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A query letter is the brief letter you use to introduce your manuscript to an agent in the hope of piquing their interest.  It’s a one-page pitch that strips your book to it’s bones as an artistic product.

As far as I can tell, there are five essential parts to a query letter:

  1. The Introduction/Overview
  2. The Summary/Book description
  3. The Bio
  4. Comp Titles
  5. The Outro

These pieces are included within a 3-4 paragraph query letter.  Please bear in mind that the order of these pieces and the specific flair that you add is a truly individual process.  Some people like to start with their synopsis, then give background info, others disagree.  I don’t think there’s any one right way to do it, especially since many variations on the query letter have led to success.  However, agents want to know some of these basics, and I’ll dive into them individually.


The Introduction/Overview


This is often the first paragraph of a query letter.  You should explain what your genre and word-count is, and explain why you think this specific agent is right for your book.  Some good examples of why you might be a great fit:

  • You met the agent at a conference or event and they expressed interest (hard to get, but effective!)
  • The agent works with your genre and/or sub-genre
  • They already represents titles comparable to yours
  • They stated in recent interviews or on their MSWL page that they are seeking books like yours.

This requires a bit of leg-work on your part, but it’s necessary leg-work.  If you can’t make a case for why this agent is right for you, why should they bite?  One quick reminder – always spell the agents name correctly!! Here’s a sample first-paragraph:

Dear Jane Doe,

After researching your agency and finding that you are currently seeking Middle Grade Fantasy books, with a special interest in stories about friendship, I thought you might be right for my book THE JOURNEY OF DRAGONS, complete at 55,000 words.


The Summary/Book description


This often takes up the next one or two paragraphs. The title “summary” is a little misleading, since what you really want is more of a… book-trailer.  It should grab the reader’s attention, it should make them sit down and listen up, it should compel them to want to know more!  Introduce the main characters, their arcs, and the main conflict of the book.  Add enough details to make it original, but don’t get bogged down in trying to fit the entire book’s plot into one or two paragraphs.  My best piece of advice for this bit is to get another set of eyes.  I had a really hard time condensing my book, but after some beta readers and an editor, the improvements were phenomenal.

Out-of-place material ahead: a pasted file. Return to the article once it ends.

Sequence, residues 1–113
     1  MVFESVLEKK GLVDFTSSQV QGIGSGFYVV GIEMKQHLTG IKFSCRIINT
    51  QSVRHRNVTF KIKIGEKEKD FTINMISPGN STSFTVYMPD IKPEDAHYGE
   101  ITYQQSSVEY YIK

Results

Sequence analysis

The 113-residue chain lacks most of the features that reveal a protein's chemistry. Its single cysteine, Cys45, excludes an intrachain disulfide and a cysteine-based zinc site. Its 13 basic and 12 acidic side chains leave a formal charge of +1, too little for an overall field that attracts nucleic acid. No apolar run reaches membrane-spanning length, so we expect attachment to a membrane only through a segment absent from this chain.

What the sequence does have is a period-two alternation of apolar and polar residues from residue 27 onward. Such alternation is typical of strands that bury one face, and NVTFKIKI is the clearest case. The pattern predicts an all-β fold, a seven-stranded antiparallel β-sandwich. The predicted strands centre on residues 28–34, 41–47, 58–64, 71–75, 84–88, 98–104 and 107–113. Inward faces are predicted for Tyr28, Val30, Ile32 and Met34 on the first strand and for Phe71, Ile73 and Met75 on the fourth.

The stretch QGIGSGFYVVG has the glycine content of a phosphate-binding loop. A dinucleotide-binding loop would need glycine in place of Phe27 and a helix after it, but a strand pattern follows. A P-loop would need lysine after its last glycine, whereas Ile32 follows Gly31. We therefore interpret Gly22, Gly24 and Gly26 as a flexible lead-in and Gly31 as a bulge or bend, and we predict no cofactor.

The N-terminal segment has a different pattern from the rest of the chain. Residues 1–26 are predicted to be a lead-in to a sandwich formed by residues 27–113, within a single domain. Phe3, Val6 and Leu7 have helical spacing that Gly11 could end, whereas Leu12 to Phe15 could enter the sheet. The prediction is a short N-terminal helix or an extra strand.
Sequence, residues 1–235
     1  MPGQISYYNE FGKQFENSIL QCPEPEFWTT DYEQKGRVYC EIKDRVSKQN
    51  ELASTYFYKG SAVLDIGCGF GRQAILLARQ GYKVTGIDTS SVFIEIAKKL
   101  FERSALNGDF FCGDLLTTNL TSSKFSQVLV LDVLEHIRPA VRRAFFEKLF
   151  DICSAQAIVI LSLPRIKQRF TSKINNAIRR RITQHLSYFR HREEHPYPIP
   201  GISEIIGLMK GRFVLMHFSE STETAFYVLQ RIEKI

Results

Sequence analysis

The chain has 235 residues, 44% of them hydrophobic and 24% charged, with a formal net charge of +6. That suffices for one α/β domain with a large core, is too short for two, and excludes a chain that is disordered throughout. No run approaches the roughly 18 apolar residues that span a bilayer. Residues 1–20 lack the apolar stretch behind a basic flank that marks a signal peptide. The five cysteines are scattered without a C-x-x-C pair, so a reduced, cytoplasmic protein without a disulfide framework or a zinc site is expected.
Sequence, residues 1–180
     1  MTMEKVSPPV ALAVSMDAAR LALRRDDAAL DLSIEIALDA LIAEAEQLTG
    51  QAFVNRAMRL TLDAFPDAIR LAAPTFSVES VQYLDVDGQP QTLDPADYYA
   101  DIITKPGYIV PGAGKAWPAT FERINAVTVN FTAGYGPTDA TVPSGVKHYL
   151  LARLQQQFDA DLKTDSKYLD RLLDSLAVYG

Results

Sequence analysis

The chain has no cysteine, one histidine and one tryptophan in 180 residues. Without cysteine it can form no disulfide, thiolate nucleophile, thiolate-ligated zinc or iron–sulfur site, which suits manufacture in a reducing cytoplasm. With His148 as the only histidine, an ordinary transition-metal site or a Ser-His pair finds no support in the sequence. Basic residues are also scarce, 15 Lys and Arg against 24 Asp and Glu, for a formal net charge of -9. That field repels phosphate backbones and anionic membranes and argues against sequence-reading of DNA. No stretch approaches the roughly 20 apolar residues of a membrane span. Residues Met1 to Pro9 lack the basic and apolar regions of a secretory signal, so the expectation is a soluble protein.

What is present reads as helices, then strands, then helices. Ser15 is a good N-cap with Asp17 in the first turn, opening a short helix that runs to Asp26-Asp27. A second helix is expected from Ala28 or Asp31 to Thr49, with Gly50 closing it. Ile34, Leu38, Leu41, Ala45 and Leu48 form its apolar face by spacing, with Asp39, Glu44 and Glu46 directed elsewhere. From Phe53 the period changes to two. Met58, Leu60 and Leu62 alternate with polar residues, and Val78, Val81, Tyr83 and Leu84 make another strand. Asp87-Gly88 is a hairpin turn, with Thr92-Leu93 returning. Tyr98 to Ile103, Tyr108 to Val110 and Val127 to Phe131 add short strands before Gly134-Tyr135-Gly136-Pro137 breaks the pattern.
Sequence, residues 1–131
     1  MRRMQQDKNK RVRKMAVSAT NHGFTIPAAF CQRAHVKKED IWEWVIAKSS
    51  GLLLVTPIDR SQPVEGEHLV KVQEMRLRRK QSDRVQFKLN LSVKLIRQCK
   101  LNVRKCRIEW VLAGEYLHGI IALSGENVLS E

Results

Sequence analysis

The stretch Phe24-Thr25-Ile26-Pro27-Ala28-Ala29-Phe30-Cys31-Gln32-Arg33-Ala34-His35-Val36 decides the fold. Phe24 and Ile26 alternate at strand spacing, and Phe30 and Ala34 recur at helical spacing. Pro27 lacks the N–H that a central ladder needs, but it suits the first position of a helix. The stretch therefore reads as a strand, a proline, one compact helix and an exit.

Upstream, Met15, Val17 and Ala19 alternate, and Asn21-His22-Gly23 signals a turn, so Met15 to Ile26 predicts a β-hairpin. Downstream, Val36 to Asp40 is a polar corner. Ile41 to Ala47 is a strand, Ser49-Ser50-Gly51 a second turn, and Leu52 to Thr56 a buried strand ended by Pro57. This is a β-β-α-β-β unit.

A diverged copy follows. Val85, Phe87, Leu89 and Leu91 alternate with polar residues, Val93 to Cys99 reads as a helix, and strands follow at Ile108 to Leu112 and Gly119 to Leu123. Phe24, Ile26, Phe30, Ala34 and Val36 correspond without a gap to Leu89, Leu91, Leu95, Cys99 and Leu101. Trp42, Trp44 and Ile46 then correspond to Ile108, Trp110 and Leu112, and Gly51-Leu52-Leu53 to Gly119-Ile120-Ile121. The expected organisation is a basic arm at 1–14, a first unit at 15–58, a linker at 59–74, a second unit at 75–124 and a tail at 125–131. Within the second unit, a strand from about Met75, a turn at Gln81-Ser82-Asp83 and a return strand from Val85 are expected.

Since this is such a subjective art, instead of writing a fake summary, my best advice is to check the backs or inside flaps of books that are similar to yours, and read those blurbs.  Another great resource is Amazon – you could spend hours reading book descriptions there.  Just remember to keep it tight, introduce your characters, and fill it with conflict, high stakes, and suspense.


The Bio


Ah, the dreaded bio.  For those of us without many writing credentials, this piece always seems the most depressing.  But never fear!  If you don’t happen to have a wildly successful published novel, or a short story published in the New Yorker sitting in your back pocket, there’s still hope for you.  Here are two things other than publications that you should list: why you are the right person to write this particular book (are you a nurse writing a medical drama?  that’s important – let them know!) and pertinent education.  Of course, if your short stories, essays, poems, etc. have ever been published (or you have a thriving blog), do mention that as well.  Sample Bio (this one is actually the one I used in my own query):

My name is Danielle M. Hines, I’m a Maine guide during the summer and I work in an Emergency room during the off season.  One of my short stories, The Man with the Coats, was published in Teen Ink’s print magazine, under the pen name “Della Vine” in 2014.


Comp Titles


These should be current, within your genre and age-range, and you should have 2-4 of them.  This can be a part of your outro, part of your intro, but probably not part of your synopsis!


The Outro


Basically, here you’re just signing off respectfully.  Thank them for their time or tell them you look forward to hearing from them, and indicate that you’ll be pasting their requested materials below (or attaching them, if they state they prefer attachments).


A Few Things To Avoid


  • Arrogant comp titles.  Confidence is good, but don’t say you’re the next Harry Potter or Hunger Games!
  • Spelling the agent’s name wrong – a big no!
  • Querying an agent who doesn’t represent your genre (this won’t be helpful to either of you – do your research!)
  • Exceeding one page (or about 400 words)
  • Forgetting to attach/paste sample pages and/or a one-synopsis per the agents specific requests (again, this research!)
  • A dry, boring summary (remember, this is where you make your book sound like a must-read!)


I hope this was helpful!  Here are a few other resources that you might find helpful:

How To Write a Darn Good Query Letter

The Complete Guide to Query Letters

All the best,

Danielle M Hines

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